Steve Jobs is Right
Recently Steve Jobs, head of Apple, publicly came out against DRM (Digital Right Management). DRM, for those who don’t know, is the software that recording companies put on legally downloaded music so that it cannot be shared. It’s why you can’t play songs downloaded via I-tunes on your Zune or use switch all those songs from Rhapsody to your new I-pod.
Steve Jobs basically says don’t blame Apple for DRM, it’s the record companies that are making us put DRM on all our downloaded songs. Apple would rather make songs available DRM-free. Now of course Apple could probably do more to change the record company’s behavior regarding DRM but in the end he’s right. DRM has got to go.
When I buy a CD (which I still do too much of), I can play it on my main stereo, my computer, a boombox, my car, my kids can play it on their boomboxes. I can bring it to my neighbor and play it and if I forget it at his house, he can play it without me around. When I get sick of the CD, I can sell it to Cheapo records and someone else can then buy it and play it on their stereo equipment. However, when you legally download a song this flexibility is not available. Depending on what program you are using, downloaded song are restricted to what computer it can be played on, the number of times it can be played, subscriptions have to be maintained in order to continue to listen to a song, and of course you can’t change .mp3 players because the song will only play on certain players. And the record companies wonder why millions of songs are downloaded illegally every year?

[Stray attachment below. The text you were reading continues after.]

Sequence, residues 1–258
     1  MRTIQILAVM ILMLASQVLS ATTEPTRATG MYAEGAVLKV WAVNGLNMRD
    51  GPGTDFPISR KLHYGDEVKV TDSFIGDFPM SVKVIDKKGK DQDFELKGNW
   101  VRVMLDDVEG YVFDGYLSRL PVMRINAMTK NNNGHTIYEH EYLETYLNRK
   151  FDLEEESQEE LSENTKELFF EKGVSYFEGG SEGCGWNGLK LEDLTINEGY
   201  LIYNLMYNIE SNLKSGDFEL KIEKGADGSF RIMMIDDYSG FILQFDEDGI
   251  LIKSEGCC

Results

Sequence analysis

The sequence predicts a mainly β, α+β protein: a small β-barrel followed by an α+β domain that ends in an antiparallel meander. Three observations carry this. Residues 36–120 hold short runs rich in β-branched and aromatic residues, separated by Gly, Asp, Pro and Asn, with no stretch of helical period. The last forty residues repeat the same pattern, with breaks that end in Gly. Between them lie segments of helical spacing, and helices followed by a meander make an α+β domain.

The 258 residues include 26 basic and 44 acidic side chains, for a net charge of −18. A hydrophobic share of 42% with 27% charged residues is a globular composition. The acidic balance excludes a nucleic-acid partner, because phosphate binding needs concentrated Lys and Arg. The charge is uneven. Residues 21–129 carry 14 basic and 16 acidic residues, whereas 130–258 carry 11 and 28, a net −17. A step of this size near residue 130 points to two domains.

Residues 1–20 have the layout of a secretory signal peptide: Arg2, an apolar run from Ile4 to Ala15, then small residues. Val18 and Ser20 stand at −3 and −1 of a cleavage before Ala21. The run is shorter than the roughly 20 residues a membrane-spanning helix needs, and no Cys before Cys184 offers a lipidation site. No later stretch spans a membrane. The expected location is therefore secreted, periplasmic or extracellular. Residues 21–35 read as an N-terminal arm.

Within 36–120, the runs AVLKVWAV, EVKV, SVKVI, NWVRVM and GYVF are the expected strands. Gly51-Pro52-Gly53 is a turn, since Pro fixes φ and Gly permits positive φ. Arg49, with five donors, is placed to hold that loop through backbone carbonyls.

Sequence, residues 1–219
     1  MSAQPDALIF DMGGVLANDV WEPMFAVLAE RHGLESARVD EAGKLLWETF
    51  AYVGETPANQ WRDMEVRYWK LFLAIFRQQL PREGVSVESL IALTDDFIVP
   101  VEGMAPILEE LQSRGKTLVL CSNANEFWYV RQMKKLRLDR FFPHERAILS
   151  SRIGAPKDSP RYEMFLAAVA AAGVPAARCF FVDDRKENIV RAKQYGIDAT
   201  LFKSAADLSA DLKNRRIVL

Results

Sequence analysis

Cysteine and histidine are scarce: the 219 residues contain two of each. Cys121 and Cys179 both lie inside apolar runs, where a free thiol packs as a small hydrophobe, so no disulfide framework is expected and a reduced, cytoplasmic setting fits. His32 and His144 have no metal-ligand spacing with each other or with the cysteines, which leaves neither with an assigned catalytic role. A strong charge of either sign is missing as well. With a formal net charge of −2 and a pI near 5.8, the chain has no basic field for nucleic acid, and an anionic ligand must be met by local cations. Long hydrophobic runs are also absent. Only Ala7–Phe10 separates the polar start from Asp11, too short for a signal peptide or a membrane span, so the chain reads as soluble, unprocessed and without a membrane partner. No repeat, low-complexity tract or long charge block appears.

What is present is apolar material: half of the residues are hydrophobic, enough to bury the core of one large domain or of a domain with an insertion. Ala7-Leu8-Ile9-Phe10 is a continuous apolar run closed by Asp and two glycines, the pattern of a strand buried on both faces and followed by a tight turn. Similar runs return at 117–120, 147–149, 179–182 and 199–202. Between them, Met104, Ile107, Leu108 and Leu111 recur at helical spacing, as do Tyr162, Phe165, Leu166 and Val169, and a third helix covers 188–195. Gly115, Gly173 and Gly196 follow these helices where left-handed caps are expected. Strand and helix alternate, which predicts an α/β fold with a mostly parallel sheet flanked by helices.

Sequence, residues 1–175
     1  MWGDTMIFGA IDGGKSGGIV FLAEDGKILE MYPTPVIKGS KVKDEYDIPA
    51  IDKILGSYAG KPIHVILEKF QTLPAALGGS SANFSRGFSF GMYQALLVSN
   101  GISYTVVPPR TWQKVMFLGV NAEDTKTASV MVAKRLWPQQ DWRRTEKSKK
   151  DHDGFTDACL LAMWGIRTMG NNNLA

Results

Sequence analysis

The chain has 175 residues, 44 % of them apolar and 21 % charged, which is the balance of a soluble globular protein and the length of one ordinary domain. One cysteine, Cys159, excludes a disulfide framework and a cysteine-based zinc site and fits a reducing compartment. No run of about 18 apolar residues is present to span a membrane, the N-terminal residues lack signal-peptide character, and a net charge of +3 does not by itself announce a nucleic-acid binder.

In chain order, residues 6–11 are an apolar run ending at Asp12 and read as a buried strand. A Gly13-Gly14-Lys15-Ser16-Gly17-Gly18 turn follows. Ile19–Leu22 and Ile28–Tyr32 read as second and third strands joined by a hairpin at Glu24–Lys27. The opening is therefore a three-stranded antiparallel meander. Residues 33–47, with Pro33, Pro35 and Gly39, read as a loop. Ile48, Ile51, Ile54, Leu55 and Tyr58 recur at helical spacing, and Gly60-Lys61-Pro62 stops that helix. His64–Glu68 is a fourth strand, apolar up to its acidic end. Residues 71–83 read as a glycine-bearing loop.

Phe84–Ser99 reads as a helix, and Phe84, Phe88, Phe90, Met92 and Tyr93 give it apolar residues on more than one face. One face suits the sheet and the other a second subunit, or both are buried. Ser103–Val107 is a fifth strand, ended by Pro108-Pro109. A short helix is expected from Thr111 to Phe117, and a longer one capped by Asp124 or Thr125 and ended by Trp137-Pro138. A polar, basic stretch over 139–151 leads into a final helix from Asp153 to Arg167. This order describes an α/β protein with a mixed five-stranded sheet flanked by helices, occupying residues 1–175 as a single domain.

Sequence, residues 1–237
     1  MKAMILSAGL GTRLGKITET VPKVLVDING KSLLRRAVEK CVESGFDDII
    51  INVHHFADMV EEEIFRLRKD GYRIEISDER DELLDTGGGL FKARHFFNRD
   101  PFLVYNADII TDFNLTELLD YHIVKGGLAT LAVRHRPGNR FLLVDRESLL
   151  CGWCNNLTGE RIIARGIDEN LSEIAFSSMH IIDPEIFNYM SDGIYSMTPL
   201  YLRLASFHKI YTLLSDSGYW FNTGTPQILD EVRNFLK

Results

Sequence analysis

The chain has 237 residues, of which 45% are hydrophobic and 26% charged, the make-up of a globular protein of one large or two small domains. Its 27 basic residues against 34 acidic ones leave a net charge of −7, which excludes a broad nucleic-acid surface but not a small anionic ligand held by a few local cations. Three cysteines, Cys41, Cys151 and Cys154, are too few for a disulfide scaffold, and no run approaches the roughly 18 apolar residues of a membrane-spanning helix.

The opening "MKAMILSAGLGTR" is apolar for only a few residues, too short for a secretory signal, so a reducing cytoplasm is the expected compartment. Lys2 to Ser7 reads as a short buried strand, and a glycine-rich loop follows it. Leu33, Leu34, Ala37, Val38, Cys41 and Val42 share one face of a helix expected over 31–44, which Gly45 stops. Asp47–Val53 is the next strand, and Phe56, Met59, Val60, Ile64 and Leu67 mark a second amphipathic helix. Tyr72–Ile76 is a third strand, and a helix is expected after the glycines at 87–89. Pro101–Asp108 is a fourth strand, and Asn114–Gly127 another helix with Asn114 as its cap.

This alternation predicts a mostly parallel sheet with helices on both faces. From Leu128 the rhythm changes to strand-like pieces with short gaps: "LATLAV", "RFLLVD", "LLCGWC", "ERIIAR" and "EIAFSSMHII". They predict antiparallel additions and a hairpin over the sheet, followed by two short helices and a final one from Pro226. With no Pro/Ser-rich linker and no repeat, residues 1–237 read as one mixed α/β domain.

Now I don’t envy the recording industry. It is very simple to illegally download a song onto your computer. An eight-year-old with moderate computer skills could probably do it. I understand their concern about rights infringements and paying artists for their songs. However the current system with DRM does not work and only encourages people to illegally download music. A simple, DRM-free, legal means to download music is needed that allows anyone who downloads a song to have the same listening flexibility as someone who purchases a CD. Until the recording industry recognizes this fact, wholesale illegal downloading of music will continue.
What do you think?